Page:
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The DPF is located in the exhaust system after the diesel oxidation catalyst. The DPF has a series of small passages through the filter.

“Half the DPF passages are plugged at the inlet, the other half are plugged at the outlet.”

Half of the passages are plugged at the inlet, the other half are plugged at the outlet. This allows the DPF to act as a filter to trap the soot.

Active & Stationary Strategies

Downstream Injection

During active and stationary regen, the

ECM partially closes the engine throttle valve to restrict intake air. This results in an increase in exhaust temperature.

Another strategy used by the ECM during active and stationary regen is

Down-Stream Injection, or DSI.

The components used for downstream injection are: the downstream metering unit, the fuel lines, and the aftertreatment fuel injector.

“DSI adds fuel to the exhaust stream.”

DSI adds fuel to the exhaust stream.

The fuel reacts with the PDOC &

DOC catalysts, increasing the exhaust temperature to reduce soot in the DPF.

The ECM controls injection through the metering unit.

Module 7: Aftertreatment System 49

The metering unit includes a shut off valve, doser valve, fuel inlet sensor, and fuel pressure 2 sensor.

To achieve injection, the ECM opens the fuel shutoff valve.

At the same time, the module uses a fuel inlet sensor to monitor the pressure and temperature of the fuel entering the metering unit.

“To achieve injection, the ECM opens the fuel shutoff valve.”

The ECM signals the doser valve to open, and a specific amount of fuel enters the injector supply line.

Fuel pressure in the supply line causes a pintle in the injector to lift, allowing fuel to spray out of the injector nozzle into the exhaust stream.

When the dosing valve closes, pressure in the supply line decreases, and the pintle in the injector closes.

The module continuously monitors feedback from the fuel-pressure-2 sensor to verify that dosing is complete.

“When the dosing valve closes, pressure in the supply line decreases, and the pintle in the injector closes.”

Exhaust Sensors

There are four exhaust sensors in the aftertreatment system; one differential pressure sensor and three temperature sensors.

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The Exhaust Gas Differential Pressure sensor, or EGDP, is located on a bracket mounted to the DPF.

This sensor compares the inlet and the outlet pressures of the DPF and allows the ECM to determine the soot load.

When there is a high soot load, the pressure difference across the DPF is high.

The DOC inlet temperature sensor monitors the exhaust before the DOC.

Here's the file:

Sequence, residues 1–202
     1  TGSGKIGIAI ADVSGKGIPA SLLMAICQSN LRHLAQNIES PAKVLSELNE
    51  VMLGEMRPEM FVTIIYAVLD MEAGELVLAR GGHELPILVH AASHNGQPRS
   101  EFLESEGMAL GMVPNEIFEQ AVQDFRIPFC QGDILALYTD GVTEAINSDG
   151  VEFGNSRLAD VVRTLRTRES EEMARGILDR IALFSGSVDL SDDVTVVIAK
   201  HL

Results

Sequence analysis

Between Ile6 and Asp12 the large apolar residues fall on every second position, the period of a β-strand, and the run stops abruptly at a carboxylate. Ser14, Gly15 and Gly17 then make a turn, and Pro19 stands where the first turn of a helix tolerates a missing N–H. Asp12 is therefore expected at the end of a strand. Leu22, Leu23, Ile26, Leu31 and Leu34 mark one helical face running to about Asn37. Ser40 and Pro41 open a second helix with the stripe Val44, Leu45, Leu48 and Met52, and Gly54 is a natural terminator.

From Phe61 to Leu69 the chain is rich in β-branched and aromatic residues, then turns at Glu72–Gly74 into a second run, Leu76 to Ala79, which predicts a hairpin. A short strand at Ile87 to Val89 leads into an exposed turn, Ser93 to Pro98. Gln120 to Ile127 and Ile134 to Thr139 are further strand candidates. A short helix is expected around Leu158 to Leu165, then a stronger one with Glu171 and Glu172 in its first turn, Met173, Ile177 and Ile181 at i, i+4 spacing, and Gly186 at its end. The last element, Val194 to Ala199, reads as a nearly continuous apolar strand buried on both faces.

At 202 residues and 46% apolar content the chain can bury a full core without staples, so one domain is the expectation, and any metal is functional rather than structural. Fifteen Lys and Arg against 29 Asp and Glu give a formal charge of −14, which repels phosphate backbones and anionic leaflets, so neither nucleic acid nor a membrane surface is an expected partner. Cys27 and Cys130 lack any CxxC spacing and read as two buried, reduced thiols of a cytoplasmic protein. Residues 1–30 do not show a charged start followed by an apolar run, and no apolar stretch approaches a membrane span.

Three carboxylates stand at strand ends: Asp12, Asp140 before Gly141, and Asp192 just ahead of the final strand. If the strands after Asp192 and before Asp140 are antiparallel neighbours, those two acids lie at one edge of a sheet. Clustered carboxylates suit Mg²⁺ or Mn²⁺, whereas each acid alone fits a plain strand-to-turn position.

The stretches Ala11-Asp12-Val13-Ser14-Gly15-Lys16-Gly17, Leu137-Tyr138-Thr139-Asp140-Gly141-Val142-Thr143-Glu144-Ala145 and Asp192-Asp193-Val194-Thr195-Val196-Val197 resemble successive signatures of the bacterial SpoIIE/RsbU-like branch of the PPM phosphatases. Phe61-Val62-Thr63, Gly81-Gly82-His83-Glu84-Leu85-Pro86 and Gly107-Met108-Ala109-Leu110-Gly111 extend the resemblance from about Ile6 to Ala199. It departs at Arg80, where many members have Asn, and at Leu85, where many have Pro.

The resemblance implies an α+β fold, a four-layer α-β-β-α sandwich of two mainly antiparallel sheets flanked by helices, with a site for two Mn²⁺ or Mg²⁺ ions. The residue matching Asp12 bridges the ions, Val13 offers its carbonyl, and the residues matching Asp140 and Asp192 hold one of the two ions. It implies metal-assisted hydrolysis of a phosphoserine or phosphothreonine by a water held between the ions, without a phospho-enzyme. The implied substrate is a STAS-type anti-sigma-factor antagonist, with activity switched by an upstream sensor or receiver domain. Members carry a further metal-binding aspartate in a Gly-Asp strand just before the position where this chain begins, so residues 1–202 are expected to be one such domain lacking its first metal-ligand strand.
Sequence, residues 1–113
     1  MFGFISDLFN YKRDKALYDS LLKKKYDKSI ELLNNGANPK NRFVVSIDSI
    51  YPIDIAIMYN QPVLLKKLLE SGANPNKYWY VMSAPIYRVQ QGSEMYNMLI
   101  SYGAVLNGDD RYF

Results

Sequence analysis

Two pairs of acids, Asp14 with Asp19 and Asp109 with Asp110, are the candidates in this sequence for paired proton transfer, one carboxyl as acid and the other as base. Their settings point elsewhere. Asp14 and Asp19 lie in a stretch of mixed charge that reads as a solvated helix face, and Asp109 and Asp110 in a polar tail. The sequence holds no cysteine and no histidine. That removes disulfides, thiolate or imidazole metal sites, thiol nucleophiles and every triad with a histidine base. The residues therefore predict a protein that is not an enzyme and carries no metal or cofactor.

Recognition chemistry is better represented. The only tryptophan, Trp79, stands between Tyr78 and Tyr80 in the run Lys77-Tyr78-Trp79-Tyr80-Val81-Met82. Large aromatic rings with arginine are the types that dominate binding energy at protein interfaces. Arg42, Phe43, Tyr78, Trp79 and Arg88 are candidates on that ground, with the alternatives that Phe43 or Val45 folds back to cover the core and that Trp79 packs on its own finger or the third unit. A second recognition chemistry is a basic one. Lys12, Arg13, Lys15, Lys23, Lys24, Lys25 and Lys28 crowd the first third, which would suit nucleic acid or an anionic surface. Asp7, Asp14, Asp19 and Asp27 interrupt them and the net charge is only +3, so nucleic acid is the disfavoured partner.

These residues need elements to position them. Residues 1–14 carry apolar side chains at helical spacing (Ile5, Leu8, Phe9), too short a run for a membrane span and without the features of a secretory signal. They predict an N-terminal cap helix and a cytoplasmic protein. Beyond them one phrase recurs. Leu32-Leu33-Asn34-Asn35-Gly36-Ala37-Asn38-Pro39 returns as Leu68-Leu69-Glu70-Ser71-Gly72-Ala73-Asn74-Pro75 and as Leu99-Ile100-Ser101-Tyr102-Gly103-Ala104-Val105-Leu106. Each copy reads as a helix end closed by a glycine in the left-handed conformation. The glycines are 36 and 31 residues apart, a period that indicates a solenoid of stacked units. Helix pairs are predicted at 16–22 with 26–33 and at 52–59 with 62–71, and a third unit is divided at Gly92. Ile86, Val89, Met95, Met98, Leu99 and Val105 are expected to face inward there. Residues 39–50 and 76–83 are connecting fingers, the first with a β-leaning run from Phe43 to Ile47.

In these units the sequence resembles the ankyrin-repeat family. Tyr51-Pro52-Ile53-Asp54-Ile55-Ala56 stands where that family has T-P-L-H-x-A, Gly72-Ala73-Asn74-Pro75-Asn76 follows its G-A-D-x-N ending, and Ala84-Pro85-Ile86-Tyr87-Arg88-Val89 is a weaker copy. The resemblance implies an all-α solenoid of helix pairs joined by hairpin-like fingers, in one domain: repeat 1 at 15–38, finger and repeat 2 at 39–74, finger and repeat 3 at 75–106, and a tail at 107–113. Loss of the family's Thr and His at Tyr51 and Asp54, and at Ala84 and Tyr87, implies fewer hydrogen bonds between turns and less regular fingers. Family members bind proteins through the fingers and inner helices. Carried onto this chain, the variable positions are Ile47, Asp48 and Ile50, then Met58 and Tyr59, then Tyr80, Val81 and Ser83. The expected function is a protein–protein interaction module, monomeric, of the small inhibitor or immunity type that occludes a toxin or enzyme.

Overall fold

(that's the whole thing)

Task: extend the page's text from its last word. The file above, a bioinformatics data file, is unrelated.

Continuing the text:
This sensor allows the ECM to determine if the exhaust temperature is high enough to perform downstream injection.

The DOC outlet temperature sensor is located after the DOC.

“The ECM uses this signal to determine if the PDOC and

DOC are creating enough heat for regeneration.”

The ECM uses this signal to determine if the PDOC and DOC are creating enough heat for regeneration.

The DPF outlet temperature sensor is located after the DPF.

The ECM compares the DPF and DOC outlet temperatures to determine if regeneration has occurred.

For an active regeneration to be successful, exhaust temperature must

Module 7: Aftertreatment System 51 be within the range of approximately

950 to 1,100° Fahrenheit, or 500 to

600° Celsius.

If the temperature is too high at the

DPF outlet, the ECM limits downstream injection.

Stationary or Parked

Regeneration

When the active regen strategies do not sufficiently reduce the soot load in the DPF, the ECM notifies the operator by illuminating a lamp on the instrument panel that stationary regen is needed.

Refer to the operator’s manual for the proper procedure to initiate a stationary regen.

During a stationary regen, the ECM controls engine speed, partially closes the engine throttle valve, and injects fuel into the exhaust.

“When active regen strategies do not sufficiently reduce the soot load, the ECM notifies the operator.”

With the increased heat, the soot load in the DPF will be reduced.

This concludes the Aftertreatment

System.

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NOTES

Conclusion

This concludes the 2011 MaxxForce

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15 Engine Training for Technicians program.

Thanks for your participation.

You are now required to take a posttest.

Conclusion 53

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NOTES